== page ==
Day before yesterday, we talked a little bit about developing an embroidery pattern that incorporates monograms into a one-word design. We started with the letter J in this Holly and Joy design. Yesterday, we added the letter O, and today, we’ll finish off with the last letter, a simple decorative border, and some layout options.
The letter Y completes our simple word – JOY. But it’s looking rather lonely (and very large), so let’s put them all together!
There they are – and they’re ok as they are, but we can go a little farther if we want.
To block the letters in and kind of “ground” the design, we can add a couple line borders.
There are heaps of ways to interpret lines in embroidery. You could, for example, embroider the inside, lighter line in a simple chain stitch. The outside, heavier line, you could work in a heavier braid type stitch. Plaited Braid Stitch would look lovely, as would Cable Plait Stitch, or Hungarian Braided Chain Stitch, or even this variety of interlaced chain stitch. For something a little lacier and open, you might try something like Spanish Knotted Feather Stitch, and you could dress that up a bit by adding little beads to the side loops it forms. It all depends on how heavy or decorative you want the outer line.
But then again, you might decide that you want something other than lines around your lettering. Let’s try something a little more decorative:
Adding a stylized holly border works pretty well.
And you can flip the direction of the holly, if you want.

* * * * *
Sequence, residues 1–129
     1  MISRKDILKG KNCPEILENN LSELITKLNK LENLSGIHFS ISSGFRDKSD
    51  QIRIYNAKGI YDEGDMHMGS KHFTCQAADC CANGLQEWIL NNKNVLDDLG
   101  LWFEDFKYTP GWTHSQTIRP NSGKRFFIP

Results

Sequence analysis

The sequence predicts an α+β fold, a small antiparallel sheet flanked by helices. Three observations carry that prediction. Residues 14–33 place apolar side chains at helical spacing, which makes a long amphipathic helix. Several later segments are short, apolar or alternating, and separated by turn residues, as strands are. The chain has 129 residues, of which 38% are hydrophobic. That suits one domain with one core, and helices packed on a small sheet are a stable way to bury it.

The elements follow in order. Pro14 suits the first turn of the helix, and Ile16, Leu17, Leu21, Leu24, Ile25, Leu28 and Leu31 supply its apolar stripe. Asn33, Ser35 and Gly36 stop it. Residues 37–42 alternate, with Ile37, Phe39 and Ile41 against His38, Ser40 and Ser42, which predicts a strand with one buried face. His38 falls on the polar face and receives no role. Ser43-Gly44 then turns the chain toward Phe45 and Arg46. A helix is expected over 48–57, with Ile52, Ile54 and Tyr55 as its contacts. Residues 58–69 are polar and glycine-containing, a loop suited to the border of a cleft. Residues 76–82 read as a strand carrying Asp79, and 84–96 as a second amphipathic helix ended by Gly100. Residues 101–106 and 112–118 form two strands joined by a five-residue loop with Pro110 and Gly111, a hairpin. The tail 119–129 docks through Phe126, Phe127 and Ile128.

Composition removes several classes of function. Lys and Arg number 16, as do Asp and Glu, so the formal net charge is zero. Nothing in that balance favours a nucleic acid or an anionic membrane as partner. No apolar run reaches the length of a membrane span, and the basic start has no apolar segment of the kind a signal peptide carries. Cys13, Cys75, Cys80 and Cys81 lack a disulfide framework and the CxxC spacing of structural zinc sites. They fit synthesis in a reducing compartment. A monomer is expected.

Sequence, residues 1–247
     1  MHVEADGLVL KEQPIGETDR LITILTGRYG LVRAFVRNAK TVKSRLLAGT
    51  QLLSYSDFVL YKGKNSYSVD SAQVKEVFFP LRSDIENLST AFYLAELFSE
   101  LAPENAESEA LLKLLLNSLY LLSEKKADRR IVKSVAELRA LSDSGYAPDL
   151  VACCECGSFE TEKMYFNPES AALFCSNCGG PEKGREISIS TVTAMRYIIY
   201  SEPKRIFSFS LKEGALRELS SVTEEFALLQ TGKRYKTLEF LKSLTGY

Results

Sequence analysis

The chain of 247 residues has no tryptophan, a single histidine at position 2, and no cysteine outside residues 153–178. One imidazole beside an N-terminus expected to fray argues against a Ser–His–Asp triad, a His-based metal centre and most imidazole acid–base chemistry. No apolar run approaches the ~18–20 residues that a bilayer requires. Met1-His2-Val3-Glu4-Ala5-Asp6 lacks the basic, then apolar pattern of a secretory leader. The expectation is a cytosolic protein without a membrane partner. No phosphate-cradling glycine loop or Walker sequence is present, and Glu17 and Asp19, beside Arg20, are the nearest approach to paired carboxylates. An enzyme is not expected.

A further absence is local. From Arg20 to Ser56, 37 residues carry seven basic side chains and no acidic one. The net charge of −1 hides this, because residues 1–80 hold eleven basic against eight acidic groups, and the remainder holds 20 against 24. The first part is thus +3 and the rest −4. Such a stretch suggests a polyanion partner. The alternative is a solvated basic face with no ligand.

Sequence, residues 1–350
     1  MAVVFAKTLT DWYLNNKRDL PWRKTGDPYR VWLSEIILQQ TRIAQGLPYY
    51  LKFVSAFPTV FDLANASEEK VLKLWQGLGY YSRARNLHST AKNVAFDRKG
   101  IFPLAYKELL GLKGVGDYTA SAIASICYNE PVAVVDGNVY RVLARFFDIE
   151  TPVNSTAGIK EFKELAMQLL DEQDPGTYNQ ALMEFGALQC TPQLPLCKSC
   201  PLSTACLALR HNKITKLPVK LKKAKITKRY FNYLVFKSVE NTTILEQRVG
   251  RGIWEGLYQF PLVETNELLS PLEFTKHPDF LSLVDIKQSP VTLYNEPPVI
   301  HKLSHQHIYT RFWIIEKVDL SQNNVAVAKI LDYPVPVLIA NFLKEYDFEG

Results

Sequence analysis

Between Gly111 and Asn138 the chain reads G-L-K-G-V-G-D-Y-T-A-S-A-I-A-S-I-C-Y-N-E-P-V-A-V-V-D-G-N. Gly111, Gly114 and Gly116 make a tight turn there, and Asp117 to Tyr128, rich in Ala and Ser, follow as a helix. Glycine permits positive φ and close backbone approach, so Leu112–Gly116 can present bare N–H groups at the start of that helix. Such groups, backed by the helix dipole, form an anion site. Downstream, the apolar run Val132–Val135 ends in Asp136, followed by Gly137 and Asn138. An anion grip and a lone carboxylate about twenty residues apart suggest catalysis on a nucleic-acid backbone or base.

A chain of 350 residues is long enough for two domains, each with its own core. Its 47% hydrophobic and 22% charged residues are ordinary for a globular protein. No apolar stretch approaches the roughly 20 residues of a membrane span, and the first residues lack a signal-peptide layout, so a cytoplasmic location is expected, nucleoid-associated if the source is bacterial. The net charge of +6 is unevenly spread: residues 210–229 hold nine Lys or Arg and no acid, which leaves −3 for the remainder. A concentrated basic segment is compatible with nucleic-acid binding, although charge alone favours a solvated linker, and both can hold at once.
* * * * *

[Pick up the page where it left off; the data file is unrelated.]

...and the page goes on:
What about changing the orientation of the lettering?
There’s no rule that says lettering has to be horizontal. You can line the letters up vertically, too. If the holly edges are too “busy” in this version (I think they are a bit busy), you can revert to a simple line border – or no border at all!
Embroidering the Letters
The type of embroidery you use on the individual letters in the design will depend on a couple things: 1. What you want the finished design to look like; and 2. Your stitching skills.
If you want a lacy, open, light design, you might just outline all the letters and decorative elements of the letters, in a stitch like stem stitch. Satin stitch, of course, is the Ultimately Beautiful Stitch for monograms, but if it is beyond your skill level right now to produce a good satin stitch, then you might opt for filling the outlines of the letters with stem stitch filling or split stitch filling. The dots inside the letters? You could use the Rhodes stitch in dots, which we looked at the other day. Or satin stitch dots. Or you could just outline them. Again, it all depends on the look you want, and your skill level.
The holly? If you want it only outlined, try a stitch like stem stitch (rather than the fly stitch holly leaves we created last week). The style of lettering is a little formal, and I think it calls for something a little more structured than the fly stitch holly. If you want the holly leaves filled, you could opt for long and short stitch, and shade them a bit (if you’re working in colors), or you could opt for a variety of other filling stitches.
And of course, never underestimate the power of the simple seed stitch, especially when working with monograms!
Holly and Joy – Free Embroidery Patterns
Here’s a list of free Holly and Joy embroidery patterns for you. You can mix them up in any way you like!
The individual letter pages offer three sizes on them: 2.5″, 3.0″, and 5.0″ monograms. If you choose “no scaling” in your printer settings, they should print at the right size. And of course, you can always enlarge or reduce them as needed.
Holly and Joy:
I hope you enJOY Holly and Joy!